Funding for sex worker-led organisations is shrinking, as has the space for the voices of sex workers, resulting in sex workers having less influence in programmes, policies and other decisions that affect their lives. Civil society organisations and other stakeholders now feel they have the right to funding and advocacy platforms, either because they work with sex workers and are therefore ‘experts’ who can speak for sex workers, or they wish to exclude sex workers’ voices entirely because they refuse to recognise sex workers’ rights as human rights.

Empower Foundation is a Thai organisation since 1985. Empower promotes opportunities for women workers in the entertainment industry. Empower strives to promote these opportunities and rights to all women workers regardless of their country of origin.

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United Nations Commission on Human Rights, 58th Session, 18 March – 26 April 2002
Items 14 and 15 of the agenda.

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In the spring issue of Soundings the author compares lived experience to the representations of trafficking presented by major media and government agencies. The evidence presented is a deconstruction the way that the discourse on sex work and trafficking is shaped.

UNAIDS called a meeting at the Barcelona Aids Conference in July 2002 of program planners, researchers, field workers and activists to begin discussing its work on HIV care and prevention among sex workers and clients. For the NSWP this was an important opportunity to ensure that UNAIDS is aware of the NSWP's concerns about programs that sex workers see as ineffective and/or as contributing to the abuse of sex workers. The meeting was preceded by NSWP demonstrations that drew attention to the negative impact on sex workers' human rights of anti-trafficking and public health measures such as mandatory registration and examination of sex workers that are increasingly being promoted as effective approaches to HIV prevention.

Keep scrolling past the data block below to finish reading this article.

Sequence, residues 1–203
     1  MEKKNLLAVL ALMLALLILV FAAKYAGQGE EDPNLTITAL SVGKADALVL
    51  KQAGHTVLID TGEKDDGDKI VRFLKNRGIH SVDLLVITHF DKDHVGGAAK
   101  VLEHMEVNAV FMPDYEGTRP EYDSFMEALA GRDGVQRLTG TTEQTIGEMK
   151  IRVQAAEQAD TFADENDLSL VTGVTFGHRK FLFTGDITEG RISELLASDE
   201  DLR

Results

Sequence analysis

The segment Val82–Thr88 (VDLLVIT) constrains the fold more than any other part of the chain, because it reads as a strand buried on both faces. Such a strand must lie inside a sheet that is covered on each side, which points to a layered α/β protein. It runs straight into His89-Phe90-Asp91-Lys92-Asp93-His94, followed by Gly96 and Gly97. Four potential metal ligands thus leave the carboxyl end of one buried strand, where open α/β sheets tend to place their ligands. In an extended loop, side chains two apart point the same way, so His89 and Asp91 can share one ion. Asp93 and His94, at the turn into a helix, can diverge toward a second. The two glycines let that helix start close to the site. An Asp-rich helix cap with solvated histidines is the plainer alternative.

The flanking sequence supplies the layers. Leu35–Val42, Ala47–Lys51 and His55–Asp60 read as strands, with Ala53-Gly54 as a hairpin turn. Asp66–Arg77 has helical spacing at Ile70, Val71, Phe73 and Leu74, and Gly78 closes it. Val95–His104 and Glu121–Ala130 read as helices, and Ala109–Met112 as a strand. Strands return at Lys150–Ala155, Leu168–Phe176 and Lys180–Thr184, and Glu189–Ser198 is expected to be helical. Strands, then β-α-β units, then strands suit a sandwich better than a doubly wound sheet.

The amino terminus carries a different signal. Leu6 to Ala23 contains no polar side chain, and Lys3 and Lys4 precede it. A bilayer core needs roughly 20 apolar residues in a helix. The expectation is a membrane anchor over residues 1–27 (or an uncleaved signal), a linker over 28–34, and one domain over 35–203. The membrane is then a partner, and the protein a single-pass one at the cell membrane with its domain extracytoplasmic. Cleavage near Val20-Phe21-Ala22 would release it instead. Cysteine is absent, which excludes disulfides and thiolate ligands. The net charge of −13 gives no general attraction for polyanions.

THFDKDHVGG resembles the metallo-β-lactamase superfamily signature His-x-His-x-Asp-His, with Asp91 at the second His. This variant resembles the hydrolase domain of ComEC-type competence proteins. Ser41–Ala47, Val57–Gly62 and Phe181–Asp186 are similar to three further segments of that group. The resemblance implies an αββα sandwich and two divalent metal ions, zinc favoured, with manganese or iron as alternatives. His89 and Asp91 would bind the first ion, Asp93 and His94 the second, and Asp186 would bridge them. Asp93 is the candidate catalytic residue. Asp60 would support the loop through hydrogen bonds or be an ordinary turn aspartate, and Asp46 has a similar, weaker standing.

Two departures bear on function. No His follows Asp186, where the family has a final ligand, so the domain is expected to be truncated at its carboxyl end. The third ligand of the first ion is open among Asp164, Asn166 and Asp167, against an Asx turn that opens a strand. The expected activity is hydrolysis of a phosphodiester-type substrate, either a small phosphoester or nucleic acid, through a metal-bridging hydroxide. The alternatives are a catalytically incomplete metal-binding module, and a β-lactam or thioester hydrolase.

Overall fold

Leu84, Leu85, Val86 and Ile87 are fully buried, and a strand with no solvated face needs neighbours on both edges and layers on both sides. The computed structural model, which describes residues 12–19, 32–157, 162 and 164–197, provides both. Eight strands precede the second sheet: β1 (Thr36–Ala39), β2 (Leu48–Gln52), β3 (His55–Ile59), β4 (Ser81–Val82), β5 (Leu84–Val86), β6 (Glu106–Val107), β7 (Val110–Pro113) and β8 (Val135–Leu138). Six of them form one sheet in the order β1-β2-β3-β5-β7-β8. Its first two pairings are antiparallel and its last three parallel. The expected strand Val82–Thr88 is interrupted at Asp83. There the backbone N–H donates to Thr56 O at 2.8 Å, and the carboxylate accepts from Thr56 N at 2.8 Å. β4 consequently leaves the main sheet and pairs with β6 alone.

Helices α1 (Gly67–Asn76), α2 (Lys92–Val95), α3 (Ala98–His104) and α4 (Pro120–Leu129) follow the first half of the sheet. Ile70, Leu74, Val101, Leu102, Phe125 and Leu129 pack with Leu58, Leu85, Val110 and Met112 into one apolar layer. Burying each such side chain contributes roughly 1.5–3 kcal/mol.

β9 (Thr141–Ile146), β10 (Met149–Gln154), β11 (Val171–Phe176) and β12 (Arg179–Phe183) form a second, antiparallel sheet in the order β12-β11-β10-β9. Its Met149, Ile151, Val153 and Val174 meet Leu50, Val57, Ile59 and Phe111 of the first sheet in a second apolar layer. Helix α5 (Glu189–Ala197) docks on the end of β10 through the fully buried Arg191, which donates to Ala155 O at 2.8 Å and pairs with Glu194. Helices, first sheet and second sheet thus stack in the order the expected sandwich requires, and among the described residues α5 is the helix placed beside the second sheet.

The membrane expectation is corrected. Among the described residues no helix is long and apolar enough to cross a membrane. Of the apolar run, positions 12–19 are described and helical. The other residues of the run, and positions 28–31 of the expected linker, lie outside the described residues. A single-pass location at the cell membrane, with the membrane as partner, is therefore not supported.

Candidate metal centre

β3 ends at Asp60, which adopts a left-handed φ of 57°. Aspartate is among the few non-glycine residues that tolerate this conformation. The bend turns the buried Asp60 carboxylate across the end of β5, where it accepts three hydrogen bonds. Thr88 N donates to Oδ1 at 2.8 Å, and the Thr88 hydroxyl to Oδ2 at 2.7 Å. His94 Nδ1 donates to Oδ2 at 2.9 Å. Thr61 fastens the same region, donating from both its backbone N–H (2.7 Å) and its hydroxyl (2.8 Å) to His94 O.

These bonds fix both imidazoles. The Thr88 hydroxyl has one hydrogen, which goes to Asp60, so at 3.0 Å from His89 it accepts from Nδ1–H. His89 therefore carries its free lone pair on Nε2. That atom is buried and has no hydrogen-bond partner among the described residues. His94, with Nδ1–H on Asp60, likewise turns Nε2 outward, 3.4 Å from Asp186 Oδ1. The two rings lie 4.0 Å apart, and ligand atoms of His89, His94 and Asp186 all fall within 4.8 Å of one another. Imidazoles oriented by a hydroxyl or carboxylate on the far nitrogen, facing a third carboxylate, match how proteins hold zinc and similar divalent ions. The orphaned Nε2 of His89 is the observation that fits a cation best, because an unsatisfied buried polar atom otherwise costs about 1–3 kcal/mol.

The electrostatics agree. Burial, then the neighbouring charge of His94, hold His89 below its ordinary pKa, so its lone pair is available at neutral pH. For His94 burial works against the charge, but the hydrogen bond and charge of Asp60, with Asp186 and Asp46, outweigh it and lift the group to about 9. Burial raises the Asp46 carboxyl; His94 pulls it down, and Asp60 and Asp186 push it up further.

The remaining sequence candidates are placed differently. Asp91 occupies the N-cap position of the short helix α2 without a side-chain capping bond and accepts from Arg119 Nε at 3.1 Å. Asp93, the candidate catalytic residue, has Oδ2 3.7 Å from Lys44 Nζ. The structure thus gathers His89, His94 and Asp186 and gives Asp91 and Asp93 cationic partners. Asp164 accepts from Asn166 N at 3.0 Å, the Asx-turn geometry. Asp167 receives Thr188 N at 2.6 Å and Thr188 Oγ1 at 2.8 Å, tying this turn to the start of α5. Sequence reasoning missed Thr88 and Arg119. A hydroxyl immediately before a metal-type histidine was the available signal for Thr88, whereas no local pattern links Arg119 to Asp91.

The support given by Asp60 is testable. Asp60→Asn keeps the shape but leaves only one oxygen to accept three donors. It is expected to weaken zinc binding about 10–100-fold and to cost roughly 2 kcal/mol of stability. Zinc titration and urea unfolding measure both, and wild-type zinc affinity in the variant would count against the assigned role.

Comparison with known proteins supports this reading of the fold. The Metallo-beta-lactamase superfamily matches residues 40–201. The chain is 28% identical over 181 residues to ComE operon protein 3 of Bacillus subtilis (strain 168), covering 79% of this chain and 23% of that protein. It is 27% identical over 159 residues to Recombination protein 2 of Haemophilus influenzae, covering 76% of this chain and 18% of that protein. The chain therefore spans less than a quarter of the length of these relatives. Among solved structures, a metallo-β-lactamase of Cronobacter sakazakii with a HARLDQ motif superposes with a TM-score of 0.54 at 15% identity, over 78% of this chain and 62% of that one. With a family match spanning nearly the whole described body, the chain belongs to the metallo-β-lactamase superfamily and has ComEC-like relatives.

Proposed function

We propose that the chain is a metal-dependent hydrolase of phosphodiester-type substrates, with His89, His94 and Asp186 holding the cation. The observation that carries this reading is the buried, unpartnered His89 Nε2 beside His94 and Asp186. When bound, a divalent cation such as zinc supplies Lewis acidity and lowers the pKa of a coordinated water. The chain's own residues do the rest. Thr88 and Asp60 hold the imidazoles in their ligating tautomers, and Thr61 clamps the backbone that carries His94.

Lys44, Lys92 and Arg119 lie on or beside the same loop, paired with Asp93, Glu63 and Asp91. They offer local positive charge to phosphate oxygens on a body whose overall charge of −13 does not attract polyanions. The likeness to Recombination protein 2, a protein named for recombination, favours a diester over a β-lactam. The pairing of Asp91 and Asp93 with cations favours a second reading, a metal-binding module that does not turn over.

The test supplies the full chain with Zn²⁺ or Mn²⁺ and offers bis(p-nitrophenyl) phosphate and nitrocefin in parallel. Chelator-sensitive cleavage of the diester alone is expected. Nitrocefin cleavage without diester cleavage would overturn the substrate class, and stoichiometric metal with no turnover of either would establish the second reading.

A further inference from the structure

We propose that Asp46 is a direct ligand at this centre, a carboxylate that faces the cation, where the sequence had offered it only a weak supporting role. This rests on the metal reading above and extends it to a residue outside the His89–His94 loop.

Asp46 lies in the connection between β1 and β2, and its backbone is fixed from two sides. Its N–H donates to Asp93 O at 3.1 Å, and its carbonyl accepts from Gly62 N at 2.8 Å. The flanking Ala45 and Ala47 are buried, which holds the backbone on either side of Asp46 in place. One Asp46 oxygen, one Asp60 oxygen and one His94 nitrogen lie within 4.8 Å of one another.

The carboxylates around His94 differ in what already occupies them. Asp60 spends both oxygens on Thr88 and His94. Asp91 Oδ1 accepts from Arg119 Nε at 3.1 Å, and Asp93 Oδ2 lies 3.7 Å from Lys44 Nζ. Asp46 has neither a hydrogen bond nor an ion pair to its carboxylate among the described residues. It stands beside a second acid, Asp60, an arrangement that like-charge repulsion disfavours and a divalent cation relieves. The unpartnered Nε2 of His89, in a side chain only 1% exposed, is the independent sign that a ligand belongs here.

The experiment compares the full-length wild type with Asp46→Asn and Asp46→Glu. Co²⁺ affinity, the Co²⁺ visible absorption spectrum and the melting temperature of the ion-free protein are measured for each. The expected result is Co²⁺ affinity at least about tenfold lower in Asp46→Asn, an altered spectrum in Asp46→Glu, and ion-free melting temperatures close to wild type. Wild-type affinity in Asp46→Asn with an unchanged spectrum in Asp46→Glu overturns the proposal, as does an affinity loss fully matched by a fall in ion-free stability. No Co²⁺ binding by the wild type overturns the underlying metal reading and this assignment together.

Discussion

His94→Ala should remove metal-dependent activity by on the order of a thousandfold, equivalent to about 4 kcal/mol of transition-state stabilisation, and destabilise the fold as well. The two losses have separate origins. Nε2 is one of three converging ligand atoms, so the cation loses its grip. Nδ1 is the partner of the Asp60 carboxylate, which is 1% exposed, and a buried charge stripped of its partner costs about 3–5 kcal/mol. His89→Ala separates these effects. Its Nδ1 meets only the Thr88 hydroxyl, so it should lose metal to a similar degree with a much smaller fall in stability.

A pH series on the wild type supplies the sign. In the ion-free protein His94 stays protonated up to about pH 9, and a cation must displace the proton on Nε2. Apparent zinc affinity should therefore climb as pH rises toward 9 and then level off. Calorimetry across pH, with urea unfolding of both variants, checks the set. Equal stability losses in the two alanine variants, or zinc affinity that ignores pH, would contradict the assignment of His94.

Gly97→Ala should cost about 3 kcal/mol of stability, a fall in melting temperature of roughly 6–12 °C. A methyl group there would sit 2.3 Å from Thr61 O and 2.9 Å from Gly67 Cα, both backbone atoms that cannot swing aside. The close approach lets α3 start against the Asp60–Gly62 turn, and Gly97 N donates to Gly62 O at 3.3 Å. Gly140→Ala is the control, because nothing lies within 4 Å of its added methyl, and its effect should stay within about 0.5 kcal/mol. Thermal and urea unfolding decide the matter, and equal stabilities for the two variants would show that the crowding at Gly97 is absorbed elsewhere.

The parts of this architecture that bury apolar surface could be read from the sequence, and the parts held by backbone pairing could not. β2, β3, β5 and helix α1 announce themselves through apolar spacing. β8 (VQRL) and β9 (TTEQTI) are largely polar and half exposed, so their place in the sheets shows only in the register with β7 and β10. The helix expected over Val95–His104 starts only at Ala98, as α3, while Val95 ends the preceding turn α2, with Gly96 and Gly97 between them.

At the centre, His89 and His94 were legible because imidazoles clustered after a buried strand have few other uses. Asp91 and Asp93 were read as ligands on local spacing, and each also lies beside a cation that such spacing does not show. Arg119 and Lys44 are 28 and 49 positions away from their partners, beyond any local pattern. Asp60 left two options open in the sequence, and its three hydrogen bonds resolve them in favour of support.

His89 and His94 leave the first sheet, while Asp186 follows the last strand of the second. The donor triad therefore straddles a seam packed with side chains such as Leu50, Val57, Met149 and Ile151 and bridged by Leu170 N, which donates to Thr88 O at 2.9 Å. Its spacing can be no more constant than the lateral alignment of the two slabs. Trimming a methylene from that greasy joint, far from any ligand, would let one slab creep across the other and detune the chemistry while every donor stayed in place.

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Mon, 5 May 2003 23:51:09 -0300 (ART)
From: "Paulo Longo" phlongo2003@yahoo.com.br
To: letters@nationalreview.com, nronline@nationalreview.com
Subject: Letter to the editor

Dear Editor:

Donna Hughes (May 1, 2003, Accommodation or Abolition? Solutions to the problem of sexual trafficking and slavery) grossly misrepresents the international Network of Sex Work Projects (NSWP). Her assertions are risible. The NSWP actively works against trafficking in persons, especially children, and lobbied for the passage of the Victims of Trafficking and Violence Protection Act in 2001. The NSWP also works against the violation of civil liberties in the so-called 100% Condom Use Policy programmes, which are dangerously coercive and include forced physical examinations in unsterile and disease-promoting conditions.

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BACKGROUND
Tuesday, May 20, 2003

Recent changes to HIV funding in the US (HR 1298)

The US Senate approved a new international HIV/AIDS funding bill for approximately $15 billion on Thursday May 15, 2003 (Senate Resolution HR 1298, United States Leadership Against HIV/AIDS, Tuberculosis, and Malaria Act of 2003). The Senate Bill is almost identical to its predecessor in the US House of Representatives and passed through the Senate unusually quickly, preventing debate about the content of the initiative that will triple HIV funding from the US to projects worldwide.

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On May 21, the US House gave the final congressional approval to a bill that provides funding for a five-year US$15bn plan to fight HIV/Aids around the world. The bill now proceeds to President Bush for his signature. It is expected that he will urge other states at the G8 meeting early next month to follow the US lead in committing significant funds to fighting HIV/AIDS.

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A REPORT BY EMPOWER CHIANG MAI ON THE HUMAN RIGHTS VIOLATIONS WOMEN ARE SUBJECTED TO WHEN “RESCUED” BY ANTI-TRAFFICKING GROUPS WHO EMPLOY METHODS USING DECEPTION, FORCE AND COERCION.

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This study reviewed the condom utilization rates among female sex workers in Thailand, and determined that the rates of use fall far below the 100% Condom Usage rates advocated by the Thailand Ministry of Public Health.